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the deal unless the u.s. concedes entirely, so very pessimistic on deal. joe: you are pessimistic on earnings, deal prospects, but the markets rallied when the fed pivoted and indicated they were no longer patient but inclined to cut. if they do cut, 25 or 50 basis points or more, will it not be that effective? >> it won't be enough. whether we reach recession will not matter. the last recession we saw over 500 basis points cut. we don't have 500 basis points to cut. market topped out one month later and we still saw recession come in december. the rate cutting cycle started in january and we saw recession started couple months later. monetary policy has not proven
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good at changing the cycle. liquidity is not a problem. the problem is we are changing the economic cycle in a trade war on top. to get yourwant perspective. you said you are looking for high-quality defensive names. where else are you seeing your clients to put money? where are you advising them to put money? to theften look alternative areas. we managed $250 billion. real estate, farmland, infrastructure, asset classes weekend introduce that provide attractive correlation benefits and structural protection in terms of how we underwrite the deals. i agree with where we are in the u.s. versus asia. are the fedex earnings outspoken about trade and the impacts of the trade war.
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they expressively site trade as hurting. the current outlook is predicated on no worsening of the trade war. who knows if that will hold? romaine: i want to bring josé back into this. when you are looking at what will happen in the second half of the year, the support potentially from the fed and other central banks, can that support counter what is effectively a nontraditional economic issue when you are dealing with geopolitical issues and personalities. i don't believe it can. right now it is about an insurance policy in the fed stepping in and saying it is willing to take the growth side from an inflation side versus a, but what everyone is watching is where does this trade discussion grow, growing populism across the globe. if it goes that way, monetary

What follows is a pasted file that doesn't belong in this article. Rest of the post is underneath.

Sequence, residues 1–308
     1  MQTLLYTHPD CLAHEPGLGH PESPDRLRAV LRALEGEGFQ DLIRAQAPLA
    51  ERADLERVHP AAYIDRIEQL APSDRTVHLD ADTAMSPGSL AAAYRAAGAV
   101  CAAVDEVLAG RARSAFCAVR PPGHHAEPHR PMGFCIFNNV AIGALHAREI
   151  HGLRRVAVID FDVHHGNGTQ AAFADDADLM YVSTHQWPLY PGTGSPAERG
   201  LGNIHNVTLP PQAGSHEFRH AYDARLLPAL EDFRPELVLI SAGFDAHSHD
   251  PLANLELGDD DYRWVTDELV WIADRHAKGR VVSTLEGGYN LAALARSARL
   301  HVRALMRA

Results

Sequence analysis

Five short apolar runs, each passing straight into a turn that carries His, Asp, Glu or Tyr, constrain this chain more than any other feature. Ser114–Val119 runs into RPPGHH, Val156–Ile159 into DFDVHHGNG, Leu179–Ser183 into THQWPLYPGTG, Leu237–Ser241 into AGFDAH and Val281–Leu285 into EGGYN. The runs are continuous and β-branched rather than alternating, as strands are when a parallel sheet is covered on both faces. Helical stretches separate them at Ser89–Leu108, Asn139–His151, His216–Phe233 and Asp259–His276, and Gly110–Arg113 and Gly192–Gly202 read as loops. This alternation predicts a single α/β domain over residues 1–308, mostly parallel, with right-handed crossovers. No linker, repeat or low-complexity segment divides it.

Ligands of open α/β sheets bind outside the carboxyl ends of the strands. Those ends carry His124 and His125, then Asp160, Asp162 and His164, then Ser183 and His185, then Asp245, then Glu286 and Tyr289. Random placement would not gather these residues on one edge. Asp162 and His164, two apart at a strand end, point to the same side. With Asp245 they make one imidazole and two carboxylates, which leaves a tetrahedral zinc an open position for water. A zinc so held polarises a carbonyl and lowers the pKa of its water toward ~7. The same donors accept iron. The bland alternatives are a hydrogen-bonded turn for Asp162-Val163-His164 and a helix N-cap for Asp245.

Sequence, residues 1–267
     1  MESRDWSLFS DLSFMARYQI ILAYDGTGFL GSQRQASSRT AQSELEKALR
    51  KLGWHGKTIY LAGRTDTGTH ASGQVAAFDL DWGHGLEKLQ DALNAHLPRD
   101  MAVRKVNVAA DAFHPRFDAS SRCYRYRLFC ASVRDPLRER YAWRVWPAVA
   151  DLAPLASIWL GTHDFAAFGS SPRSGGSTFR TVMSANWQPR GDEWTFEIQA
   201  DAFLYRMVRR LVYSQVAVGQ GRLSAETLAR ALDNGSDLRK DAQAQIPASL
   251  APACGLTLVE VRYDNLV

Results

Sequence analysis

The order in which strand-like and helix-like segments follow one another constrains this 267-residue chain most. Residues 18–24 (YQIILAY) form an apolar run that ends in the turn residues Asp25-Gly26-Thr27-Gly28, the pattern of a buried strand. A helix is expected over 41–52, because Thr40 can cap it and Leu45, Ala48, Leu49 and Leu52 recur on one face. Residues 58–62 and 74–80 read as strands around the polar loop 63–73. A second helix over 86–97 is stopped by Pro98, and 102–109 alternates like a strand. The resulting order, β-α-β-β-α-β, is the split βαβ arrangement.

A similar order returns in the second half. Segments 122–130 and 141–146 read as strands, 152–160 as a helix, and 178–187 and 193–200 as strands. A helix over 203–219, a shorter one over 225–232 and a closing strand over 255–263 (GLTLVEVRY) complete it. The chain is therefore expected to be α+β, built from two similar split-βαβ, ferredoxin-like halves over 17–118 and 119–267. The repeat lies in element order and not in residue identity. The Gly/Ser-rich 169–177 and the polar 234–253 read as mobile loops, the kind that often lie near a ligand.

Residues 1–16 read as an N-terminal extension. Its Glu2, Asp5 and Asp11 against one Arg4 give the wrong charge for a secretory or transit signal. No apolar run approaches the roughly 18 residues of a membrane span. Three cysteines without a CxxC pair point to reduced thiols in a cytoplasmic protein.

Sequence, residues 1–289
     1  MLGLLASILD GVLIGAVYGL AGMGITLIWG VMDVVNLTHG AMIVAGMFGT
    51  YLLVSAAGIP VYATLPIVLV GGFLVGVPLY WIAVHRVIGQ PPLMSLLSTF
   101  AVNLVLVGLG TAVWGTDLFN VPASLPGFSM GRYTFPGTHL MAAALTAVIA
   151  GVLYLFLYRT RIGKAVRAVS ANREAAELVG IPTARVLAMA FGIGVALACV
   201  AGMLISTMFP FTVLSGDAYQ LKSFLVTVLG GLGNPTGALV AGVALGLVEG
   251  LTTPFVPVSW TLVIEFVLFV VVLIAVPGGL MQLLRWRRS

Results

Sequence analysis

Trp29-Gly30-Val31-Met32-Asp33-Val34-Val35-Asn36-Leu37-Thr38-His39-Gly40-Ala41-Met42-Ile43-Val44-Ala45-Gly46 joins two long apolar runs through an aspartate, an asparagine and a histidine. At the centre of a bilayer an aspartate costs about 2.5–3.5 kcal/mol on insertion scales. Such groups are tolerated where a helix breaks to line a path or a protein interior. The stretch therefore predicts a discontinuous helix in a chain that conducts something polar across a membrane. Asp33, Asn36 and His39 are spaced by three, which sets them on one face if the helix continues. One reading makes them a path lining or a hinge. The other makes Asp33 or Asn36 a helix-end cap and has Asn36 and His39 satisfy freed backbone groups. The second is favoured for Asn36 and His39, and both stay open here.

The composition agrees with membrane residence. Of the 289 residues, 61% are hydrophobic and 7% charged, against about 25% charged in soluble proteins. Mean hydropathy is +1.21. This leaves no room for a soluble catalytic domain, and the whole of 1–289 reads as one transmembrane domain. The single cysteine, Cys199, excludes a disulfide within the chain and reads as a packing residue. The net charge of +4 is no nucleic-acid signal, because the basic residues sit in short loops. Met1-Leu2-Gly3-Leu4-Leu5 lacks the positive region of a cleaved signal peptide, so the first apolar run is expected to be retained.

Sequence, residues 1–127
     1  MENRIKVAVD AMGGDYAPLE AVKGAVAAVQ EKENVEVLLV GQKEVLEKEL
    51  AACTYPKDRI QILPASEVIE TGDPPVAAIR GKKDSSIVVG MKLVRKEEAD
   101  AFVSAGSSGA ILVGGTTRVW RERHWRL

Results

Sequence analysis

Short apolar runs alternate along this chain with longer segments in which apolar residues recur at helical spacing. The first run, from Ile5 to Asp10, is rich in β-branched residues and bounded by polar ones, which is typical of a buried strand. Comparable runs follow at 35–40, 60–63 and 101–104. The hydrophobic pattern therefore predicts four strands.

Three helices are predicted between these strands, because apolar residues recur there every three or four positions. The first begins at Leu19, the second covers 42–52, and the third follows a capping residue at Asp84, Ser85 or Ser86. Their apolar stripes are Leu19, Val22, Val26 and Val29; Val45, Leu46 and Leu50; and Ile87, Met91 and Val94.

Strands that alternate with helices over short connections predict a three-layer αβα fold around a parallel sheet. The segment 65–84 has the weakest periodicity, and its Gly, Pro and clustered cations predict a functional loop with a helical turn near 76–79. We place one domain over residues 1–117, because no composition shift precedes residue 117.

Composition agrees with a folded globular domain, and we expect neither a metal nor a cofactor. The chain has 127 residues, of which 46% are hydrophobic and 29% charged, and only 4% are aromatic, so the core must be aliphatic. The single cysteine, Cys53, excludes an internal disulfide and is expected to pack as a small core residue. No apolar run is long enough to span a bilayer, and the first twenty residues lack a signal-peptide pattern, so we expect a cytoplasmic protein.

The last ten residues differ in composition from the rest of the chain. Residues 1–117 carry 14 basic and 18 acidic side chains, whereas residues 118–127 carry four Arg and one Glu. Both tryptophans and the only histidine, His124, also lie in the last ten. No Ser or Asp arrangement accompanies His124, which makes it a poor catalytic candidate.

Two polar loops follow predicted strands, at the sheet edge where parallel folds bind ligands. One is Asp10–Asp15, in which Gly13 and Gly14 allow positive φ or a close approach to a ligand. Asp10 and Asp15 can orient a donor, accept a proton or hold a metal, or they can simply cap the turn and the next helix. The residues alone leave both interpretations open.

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policy is not the answer. caroline: last word in terms of where you are seeing cash on the sidelines. de-riskingre is a ahead of g20, but with money in the bond market it is clear with yields about 2%, are we still sing the search for yields? >> it's not just a haven bid. we have seen equities go to a record high of week ago. i am bearish because the professional investor is already positioned quite negatively. it is the retail money that is passively invested, the money that will come out when the real pain comes. that may not happen until late july or august. joe: we have to leave it there. romaine: thank you for joining us. back to some breaking news on